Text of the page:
With a Corporation adding new executive team members (president, vices president, treasurer, secretary, etc.) can be quite a challenge because Board of Directors has to be involved in the decision-making on new management. The more people you have in the decision-making the longer the hiring process will take. With an LLC, management team members can select whomever they like without the approval of a board. LLC's are not required to have a board of directors to select executive staff.

Daily Operations

LLC's can operate more fluidly than corporations because they don't have multiple layers of management. In a corporate structure management team members have to get approval from the board of directors before they can finalize a decision. Those who choose the corporate form of a business entity have to seek board guidance on major decisions, and in some cases minor decisions. This can make the day-to-day management very tedious. LLC's do not need board approval to make decisions. They simply corroborate with each other and move forward on decisions from that point.

LLCs vs. LPs

Limited Liability Companies (LLCs) and Limited Partnerships (LPs) are well established business entities. Both boast flexible structures, providing the ability govern the way you want to. Each provide you the power to dole out obligations, maintain a healthy standard of care, and define your business terms with ease. Although sharing many qualities, LLCs and LPs are far from the same thing and one may be a better pick for your business than the other.

Personal liability is the most significant difference between an LLC and an LP. A Limited Partnership may have one, or several general partners that take charge of routine management within the business. With this responsibility comes a limitless amount of managerial liability, thus these general partners may be responsible for paying off debts and performing business duties.

Personal liability is the most significant difference between an LLC and an LP. A Limited Partnership may have one, or several general partners that take charge of routine management within the business. With this responsibility comes a limitless amount of managerial liability, thus these general partners may be responsible for paying off debts and performing business duties.

A limited partner, however, has protection from personal liability. This entity cannot be entrusted with a significant amount of say within the company's management. If the court finds that the limited partner has acted as a manager, it will be tried as a general partner. To safeguard against this, a Limited Liability Company may become a general partner with an LP. This type of partnership, though, will add cost, a degree of complexity and possibly some painful tax repercussions.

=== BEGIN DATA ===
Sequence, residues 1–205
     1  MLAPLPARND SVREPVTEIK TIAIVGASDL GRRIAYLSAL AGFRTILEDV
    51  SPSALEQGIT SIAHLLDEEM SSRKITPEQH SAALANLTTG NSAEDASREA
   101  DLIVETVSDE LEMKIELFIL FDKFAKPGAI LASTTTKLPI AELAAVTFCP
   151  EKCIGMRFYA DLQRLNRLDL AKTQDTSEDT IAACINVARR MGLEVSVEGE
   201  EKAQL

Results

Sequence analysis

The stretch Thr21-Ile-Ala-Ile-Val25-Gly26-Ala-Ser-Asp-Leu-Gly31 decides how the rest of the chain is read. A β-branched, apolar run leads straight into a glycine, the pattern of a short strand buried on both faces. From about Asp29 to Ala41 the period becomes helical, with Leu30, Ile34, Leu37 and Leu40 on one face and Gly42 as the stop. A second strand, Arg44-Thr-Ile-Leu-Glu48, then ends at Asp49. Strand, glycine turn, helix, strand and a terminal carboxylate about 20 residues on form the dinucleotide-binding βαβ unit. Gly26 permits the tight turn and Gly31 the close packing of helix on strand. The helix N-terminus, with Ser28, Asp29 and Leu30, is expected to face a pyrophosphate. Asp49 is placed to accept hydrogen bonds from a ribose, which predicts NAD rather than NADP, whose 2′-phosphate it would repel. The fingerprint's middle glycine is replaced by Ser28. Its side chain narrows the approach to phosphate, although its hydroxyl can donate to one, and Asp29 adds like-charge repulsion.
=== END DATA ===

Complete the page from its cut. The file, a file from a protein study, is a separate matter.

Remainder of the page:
The LLC retains the elastic nature of the partnership, while providing protection from the dangers of personal liability. Their only liability is their investment. LLC members can be corporations, individuals, or even other LLCs and there is no restrictions on how many members you can have. LLCs and Limited Partnerships are both exempt from federal income tax and it is the responsibility of the investor to declare its own income tax.

LLCs vs. LLPs

When comparing the LLP (limited liability partnership) and the LLC (limited liability company), one advantage stands out from the rest. The partner has added protection from the actions of other partners.

In a general partnership, all partners may be held liable for the actions of their fellow partners. This limited liability partnership provides some protection for the partner for extraordinary actions of the other partners. Such acts include errors, negligence, or incompetence. The liability from these actions can be devastating; this form of entity grants some protection in this area much like you receive from organizing as a corporation.

This LLP selection is very popular among professions in which legal liability can be extremely high. Some professions who may choose this type of investment are accountants, architects, or doctors. One caveat is that you HAVE to have more than one person involved in the organization. You cannot have an LLP in your own name. However, the LLC can have only one member.

One advantage of a single member LLC is that you can still file your tax return as normal, placing your LLC activity in your personal 1040. The biggest benefits of an LLP and an LLC are liability protection. If you get sued for doing something within your business life, all that can be collected against is your business assets. In addition, if you are sued on a personal level (like for a car accident) your business assets cannot be collected.